Who would Jesus bully?
Religious exemptions legitimize bullying
Published: Monday, November 28, 2011
Updated: Tuesday, November 29, 2011 01:11
Earlier this month, the Michigan legislature passed "Matt's Safe School Law." This law was named after Matt Epling, who committed suicide in 2002 just before his freshman year of high school. However, the bill was met with public outcry when supporters realized that Senate Republicans in Michigan had added a clause that, far from outlawing bullying, created a blueprint for bullying.
The clause stated that schools could not create anti-bullying policies that prohibited bullying in cases where the bully was expressing "a statement of sincerely held religious belief or moral conviction."
In other words, all bullies have to do is claim that their religion tells them another kid is deserving of the assault – for whatever reason – and nothing can be done to stop them. Kevin Epling, Matt's father, called the move "government sanctioned bigotry."
Democratic Michigan Congresswoman Gretchen Whitmer recognized how ludicrous such an exemption is.
"It further endangers [students] by legitimizing excuses for tormenting a student," she said. "The saddest and sickest irony of this whole thing is that it's called ‘Matt's Safe School Law'. After the way you've gutted it, it wouldn't have done a damn thing to save Matt."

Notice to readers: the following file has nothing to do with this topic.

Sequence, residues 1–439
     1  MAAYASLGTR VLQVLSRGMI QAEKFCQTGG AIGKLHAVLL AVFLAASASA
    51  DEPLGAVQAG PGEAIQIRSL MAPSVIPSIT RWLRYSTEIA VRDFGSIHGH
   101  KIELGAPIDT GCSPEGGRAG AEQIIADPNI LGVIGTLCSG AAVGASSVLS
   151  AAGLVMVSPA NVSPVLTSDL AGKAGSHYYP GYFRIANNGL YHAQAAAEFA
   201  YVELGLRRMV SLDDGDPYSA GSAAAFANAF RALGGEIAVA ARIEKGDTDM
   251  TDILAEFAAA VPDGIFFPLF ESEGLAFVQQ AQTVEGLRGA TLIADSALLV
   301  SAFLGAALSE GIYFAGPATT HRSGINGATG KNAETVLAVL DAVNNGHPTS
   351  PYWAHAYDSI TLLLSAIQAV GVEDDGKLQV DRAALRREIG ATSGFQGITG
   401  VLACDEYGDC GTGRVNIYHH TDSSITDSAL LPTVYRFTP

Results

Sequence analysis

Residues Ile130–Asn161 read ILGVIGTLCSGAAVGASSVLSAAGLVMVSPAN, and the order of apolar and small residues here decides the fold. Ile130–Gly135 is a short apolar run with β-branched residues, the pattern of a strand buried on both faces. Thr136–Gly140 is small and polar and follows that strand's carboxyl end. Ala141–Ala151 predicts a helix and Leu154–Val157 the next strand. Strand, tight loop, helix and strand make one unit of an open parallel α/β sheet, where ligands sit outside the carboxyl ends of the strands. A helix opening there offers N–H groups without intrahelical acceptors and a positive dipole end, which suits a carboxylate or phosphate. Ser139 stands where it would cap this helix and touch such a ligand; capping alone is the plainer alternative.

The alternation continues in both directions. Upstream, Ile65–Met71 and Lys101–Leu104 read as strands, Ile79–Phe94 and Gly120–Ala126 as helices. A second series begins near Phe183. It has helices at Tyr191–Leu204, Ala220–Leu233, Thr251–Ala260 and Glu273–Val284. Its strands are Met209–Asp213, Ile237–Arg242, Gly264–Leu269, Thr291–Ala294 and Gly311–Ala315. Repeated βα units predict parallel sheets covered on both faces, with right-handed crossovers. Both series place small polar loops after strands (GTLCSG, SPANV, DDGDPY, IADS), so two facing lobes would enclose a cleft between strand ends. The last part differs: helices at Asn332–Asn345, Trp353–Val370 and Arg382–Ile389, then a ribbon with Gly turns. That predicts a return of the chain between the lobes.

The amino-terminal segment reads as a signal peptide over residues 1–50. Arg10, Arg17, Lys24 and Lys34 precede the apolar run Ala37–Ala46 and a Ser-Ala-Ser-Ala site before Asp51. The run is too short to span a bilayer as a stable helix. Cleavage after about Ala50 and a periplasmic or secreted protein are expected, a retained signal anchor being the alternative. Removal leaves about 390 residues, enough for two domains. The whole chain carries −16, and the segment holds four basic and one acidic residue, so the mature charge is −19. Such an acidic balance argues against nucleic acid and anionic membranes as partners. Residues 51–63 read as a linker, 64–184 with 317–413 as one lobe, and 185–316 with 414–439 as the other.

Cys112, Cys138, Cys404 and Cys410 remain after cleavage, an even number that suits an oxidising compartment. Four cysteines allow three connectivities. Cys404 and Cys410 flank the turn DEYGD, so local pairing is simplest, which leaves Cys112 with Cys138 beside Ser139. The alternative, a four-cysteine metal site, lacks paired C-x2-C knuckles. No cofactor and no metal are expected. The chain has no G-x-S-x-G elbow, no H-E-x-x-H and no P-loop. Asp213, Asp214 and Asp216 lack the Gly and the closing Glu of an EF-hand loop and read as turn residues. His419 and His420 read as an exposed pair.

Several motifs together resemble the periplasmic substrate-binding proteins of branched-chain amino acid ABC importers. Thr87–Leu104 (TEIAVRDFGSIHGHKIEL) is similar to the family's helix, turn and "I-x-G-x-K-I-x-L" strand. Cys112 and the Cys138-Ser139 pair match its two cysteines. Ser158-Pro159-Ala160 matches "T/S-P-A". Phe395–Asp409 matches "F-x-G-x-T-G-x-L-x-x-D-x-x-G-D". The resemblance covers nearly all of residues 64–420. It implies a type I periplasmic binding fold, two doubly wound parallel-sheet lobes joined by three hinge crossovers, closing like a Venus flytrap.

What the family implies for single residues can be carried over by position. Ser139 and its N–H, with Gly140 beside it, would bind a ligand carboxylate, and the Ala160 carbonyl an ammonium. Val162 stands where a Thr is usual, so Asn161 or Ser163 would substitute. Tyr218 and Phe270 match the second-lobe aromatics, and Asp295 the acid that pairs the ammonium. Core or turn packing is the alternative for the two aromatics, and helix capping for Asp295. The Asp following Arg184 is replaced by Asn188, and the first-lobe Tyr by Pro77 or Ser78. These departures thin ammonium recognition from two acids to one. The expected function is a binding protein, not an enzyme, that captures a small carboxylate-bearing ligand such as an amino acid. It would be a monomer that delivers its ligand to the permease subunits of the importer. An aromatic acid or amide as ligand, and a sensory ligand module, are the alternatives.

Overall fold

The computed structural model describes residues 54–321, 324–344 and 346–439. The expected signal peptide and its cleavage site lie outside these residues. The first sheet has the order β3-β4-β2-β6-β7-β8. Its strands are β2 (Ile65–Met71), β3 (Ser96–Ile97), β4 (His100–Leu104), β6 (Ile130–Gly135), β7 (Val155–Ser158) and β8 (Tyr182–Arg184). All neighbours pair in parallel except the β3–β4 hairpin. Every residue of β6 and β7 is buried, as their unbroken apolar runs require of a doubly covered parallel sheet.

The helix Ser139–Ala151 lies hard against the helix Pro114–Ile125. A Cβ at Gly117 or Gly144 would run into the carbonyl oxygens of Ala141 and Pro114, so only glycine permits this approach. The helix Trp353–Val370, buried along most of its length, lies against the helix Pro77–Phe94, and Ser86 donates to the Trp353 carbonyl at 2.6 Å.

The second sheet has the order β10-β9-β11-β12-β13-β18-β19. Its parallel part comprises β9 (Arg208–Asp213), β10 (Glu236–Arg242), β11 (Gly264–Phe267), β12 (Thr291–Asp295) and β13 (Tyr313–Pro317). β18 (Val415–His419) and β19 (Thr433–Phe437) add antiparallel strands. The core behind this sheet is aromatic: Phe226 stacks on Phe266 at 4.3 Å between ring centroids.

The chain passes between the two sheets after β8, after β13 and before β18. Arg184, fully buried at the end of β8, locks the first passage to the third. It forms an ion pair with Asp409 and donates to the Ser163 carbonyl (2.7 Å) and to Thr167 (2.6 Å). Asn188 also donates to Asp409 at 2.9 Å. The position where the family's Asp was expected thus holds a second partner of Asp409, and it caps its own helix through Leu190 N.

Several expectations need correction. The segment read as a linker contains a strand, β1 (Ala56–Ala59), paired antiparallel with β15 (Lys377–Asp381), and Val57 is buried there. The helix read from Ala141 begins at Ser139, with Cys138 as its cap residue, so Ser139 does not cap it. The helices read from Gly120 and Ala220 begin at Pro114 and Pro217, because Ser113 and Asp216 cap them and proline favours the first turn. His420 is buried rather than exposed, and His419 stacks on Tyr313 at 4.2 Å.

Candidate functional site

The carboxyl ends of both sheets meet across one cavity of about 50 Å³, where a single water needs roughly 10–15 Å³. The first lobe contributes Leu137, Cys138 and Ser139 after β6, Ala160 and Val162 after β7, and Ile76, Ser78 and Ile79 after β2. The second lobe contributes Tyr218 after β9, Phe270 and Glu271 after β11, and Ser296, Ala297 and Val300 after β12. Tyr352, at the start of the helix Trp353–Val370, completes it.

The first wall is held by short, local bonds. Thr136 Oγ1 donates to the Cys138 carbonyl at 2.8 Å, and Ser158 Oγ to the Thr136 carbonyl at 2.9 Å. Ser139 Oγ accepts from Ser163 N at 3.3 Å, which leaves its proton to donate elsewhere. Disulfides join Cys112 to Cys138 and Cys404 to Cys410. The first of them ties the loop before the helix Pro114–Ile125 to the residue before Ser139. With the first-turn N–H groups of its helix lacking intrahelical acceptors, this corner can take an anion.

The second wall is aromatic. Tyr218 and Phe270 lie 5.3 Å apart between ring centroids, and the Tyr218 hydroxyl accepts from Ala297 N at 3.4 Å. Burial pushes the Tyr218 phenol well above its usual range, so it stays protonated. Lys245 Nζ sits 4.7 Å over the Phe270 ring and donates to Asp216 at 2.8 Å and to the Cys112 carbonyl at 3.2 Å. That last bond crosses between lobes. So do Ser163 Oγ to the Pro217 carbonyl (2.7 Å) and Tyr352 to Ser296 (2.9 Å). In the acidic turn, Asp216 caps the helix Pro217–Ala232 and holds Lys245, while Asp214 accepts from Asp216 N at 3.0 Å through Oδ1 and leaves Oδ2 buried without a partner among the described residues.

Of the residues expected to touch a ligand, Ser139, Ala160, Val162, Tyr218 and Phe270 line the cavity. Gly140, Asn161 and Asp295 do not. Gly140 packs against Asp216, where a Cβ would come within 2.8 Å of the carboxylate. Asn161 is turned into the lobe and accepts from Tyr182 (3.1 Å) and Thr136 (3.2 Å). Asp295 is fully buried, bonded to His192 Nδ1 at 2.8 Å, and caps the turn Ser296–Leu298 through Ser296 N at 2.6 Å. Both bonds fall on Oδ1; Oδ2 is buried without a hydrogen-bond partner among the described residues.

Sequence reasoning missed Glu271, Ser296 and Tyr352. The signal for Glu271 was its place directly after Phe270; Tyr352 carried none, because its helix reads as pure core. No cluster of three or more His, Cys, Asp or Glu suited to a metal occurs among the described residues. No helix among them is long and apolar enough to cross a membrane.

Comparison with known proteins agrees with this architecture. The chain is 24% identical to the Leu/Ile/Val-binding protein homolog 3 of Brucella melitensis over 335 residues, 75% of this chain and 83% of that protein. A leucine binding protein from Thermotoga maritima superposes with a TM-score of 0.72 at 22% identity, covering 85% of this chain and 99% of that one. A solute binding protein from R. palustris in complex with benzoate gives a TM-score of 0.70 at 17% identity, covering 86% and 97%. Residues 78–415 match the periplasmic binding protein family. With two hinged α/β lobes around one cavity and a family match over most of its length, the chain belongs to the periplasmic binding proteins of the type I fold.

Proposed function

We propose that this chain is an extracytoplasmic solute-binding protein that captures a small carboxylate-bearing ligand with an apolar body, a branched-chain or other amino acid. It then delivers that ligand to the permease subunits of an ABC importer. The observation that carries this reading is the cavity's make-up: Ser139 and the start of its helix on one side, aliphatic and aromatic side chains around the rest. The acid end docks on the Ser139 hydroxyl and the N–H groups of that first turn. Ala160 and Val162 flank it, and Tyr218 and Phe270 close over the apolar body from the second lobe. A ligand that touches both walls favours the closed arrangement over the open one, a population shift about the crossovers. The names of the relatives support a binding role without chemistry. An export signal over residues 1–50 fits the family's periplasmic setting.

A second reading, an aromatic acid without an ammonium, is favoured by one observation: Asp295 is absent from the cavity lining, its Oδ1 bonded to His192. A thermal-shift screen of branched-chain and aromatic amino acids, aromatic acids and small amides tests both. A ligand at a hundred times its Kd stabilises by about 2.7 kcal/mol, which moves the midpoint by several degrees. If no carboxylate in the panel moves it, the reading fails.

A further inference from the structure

Following the outraged public response, the Republican responsible for the carve-out agreed to drop the language from the bill. The fact that so many in Michigan's legislature found legitimacy in making an exemption for religious intimidation illustrates a sad reality.
The religious exception was most likely a thinly veiled attempt to protect anti-gay bullying – and possibly anti-Muslim bullying, too. While Matt wasn't gay, according to a statement released by his family, we do know that a startling number of teens who commit suicide do identify as gay; according to thetrevorproject.org, LGBT teens are four times more likely to commit suicide than others.
"Sincerely held religious belief" does not make the bullying and subsequent suicide of 14-year-old Jamey Rodemeyer okay, nor would a "sincerely held moral conviction" have made an assault on Matt or any other student acceptable.
Equality is a principle that should be applied to all people, regardless of ethnicity, gender, religion, or sexual orientation. In doing so, we must equally apply restrictions. Bullying, no matter the reason, is always wrong. No one should get a pass – not even those who claim to bully in the name of a God.